Come to the Campbell Center (see below) or join Zoom Meeting: https://uoregon.zoom.us/j/91098013097?pwd=dm5wTnFub0dzejZRTktlZDJQdElkUT09 Meeting ID: 910…
I like to ask for book recommendations from friends because we do share some of the same interests! Of course one of the main books being discussed is Noah Strycker’s Birding Without Borders: An Epic World Big Year. If you have not yet read it, make the time. You will not be sorry. In fact you will have a hard time putting it down.
Jim Maloney always offers a thoughtful list of books to watch for:
Project Puffin, by Derrick Jackson and Stephen Kress, is about the reintroduction of Atlantic Puffins to islands in the Gulf of Maine. It’s not a new book, but stories of people trying to undo a destructive past are always welcome.
Fire Birds, by Sneed B. Collard, is especially timely as we hear calls for “salvage” logging after devastating wildfires. It’s an excellent intro to the subject, detailing which avian species depend on and flourish in burns.
Looking for Seabirds, Sophie Webb’s book, is enriched by her hand-rendered illustrations. Her writing style is both friendly and factual.
The Narrow Edge follows Deborah Cramer as she travels along with the Red Knots on their epic migration. She shares stories of the people who just won’t give up on doing what they can to assure the survival of the species.
Birds of the Sierra Nevada, by Edward Beedy and Edward Pandolfino, includes of a lot of natural history related to each species and has excellent illustrations by Keith Hansen. While its focal geography is indeed California’s Sierra Nevada Range, the vast majority of species overlaps with Oregon’s portfolio of birds.
Green Birding is written by Richard Gregson, a Canadian author living in the Montreal area. The gist of the book is to provide helpful info for birders who would like to see and enjoy birds without overly contributing to greenhouse gas emissions with long and/or distant travel. He really does a good job of extolling the wonder and appreciation of local birds and taking full advantage of migration opportunities. Included are good sections (though a tad dated) on eBird, and citizen science opportunities.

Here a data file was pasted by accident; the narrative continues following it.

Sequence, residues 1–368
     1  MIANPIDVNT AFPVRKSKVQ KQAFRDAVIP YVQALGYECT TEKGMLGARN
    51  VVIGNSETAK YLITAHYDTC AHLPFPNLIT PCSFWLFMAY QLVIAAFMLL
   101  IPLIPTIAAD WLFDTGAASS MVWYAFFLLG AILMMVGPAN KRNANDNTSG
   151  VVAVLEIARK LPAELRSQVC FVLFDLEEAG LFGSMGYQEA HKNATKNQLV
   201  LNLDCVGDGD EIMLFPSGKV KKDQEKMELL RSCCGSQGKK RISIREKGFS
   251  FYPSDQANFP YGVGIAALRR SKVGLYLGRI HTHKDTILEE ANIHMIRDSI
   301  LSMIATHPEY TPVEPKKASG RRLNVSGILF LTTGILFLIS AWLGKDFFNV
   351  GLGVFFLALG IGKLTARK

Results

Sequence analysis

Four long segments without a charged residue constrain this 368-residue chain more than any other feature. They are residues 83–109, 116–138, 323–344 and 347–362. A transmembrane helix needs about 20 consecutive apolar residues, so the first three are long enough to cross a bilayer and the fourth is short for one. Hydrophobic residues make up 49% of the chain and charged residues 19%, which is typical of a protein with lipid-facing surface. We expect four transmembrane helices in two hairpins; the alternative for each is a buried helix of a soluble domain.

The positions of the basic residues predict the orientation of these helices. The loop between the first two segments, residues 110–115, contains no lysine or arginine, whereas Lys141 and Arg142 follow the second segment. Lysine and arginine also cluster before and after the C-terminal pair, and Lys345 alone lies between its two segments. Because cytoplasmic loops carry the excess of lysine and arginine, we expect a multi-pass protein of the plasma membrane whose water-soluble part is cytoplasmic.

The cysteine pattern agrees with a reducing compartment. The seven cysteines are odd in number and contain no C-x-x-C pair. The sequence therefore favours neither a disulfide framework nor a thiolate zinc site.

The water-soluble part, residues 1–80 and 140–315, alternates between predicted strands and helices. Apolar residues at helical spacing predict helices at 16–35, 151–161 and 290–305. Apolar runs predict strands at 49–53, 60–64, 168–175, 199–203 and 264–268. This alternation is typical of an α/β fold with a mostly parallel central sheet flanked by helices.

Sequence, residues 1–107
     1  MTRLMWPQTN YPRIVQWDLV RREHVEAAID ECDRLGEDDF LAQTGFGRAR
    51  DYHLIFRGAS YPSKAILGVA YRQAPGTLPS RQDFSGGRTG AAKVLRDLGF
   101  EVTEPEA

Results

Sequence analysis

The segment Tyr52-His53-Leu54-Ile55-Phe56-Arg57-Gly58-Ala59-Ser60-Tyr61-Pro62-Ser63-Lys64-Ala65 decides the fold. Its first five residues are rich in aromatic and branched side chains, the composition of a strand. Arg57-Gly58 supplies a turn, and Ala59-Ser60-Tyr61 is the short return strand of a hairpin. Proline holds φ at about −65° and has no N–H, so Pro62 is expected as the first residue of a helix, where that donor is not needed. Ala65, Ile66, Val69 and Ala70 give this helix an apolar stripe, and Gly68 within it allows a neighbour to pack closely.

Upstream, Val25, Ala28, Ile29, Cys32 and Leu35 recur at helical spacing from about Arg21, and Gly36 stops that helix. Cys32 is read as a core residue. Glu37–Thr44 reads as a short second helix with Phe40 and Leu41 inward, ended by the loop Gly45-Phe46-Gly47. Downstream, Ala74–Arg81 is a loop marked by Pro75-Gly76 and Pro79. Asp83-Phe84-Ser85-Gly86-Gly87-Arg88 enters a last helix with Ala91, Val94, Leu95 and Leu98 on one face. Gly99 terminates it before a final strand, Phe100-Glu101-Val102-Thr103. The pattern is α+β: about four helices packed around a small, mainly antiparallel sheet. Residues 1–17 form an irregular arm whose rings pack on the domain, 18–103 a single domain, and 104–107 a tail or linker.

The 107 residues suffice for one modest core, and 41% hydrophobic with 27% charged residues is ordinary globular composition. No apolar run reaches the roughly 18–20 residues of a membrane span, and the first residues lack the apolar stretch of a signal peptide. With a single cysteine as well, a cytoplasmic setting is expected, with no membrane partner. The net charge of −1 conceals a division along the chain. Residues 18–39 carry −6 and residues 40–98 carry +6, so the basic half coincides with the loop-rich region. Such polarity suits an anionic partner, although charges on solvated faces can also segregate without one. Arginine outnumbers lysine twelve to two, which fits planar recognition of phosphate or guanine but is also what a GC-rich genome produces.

Rebecca Waterman suggests a novel called My Last Continent, by Midge Raymond. It’s about a naturalist who studies penguins in Antarctica, and whose home base happens to be Eugene, Oregon! The bird descriptions seem well researched, and there’s an engaging romantic story along with it. FMI: midgeraymond.com/books/mylastcontinent.html
Dave Bontrager, suggests a book published in 2005: The Ardent Birder: On the Craft of Birdwatching. Writtenby Gene Holtan and Todd Newberry, it’s good for beginner birders, but offers perspectives on the nuances of birding experiences that will hold the interest of experienced birders as well. Dave said it has humor and charming bird drawings to entertain the reader. FMI: amazon.com/Ardent-Birder
Recently, Forbes online magazine published “The 12 Best Books About Birds And Birding Of 2017.”
A final book to watch for is Birds of the Photo Ark, with photos by Joel Sartore and text by Noah Strycker. National Geographic has set its release date for April 2018, in conjunction with its yearlong celebration entitled “Year of the Bird.” Cosponsors include the National Audubon Society, National Geographic, BirdLife International, and the Cornell Lab of Ornithology. Together the groups will focus on the 100th anniversary of the signing of the Migratory Bird Treaty Act—a pivotal piece of legislation that continues to save countless birds’ lives. But threats to birds continue to grow, and we still need to work toward their protection. Take a look at the official Year of the Bird website to be inspired: nationalgeographic.org/projects/year-of-the-bird/
For live links to all these URLs, check out the online version of The Quail.
-Maeve Sowles, President LCAS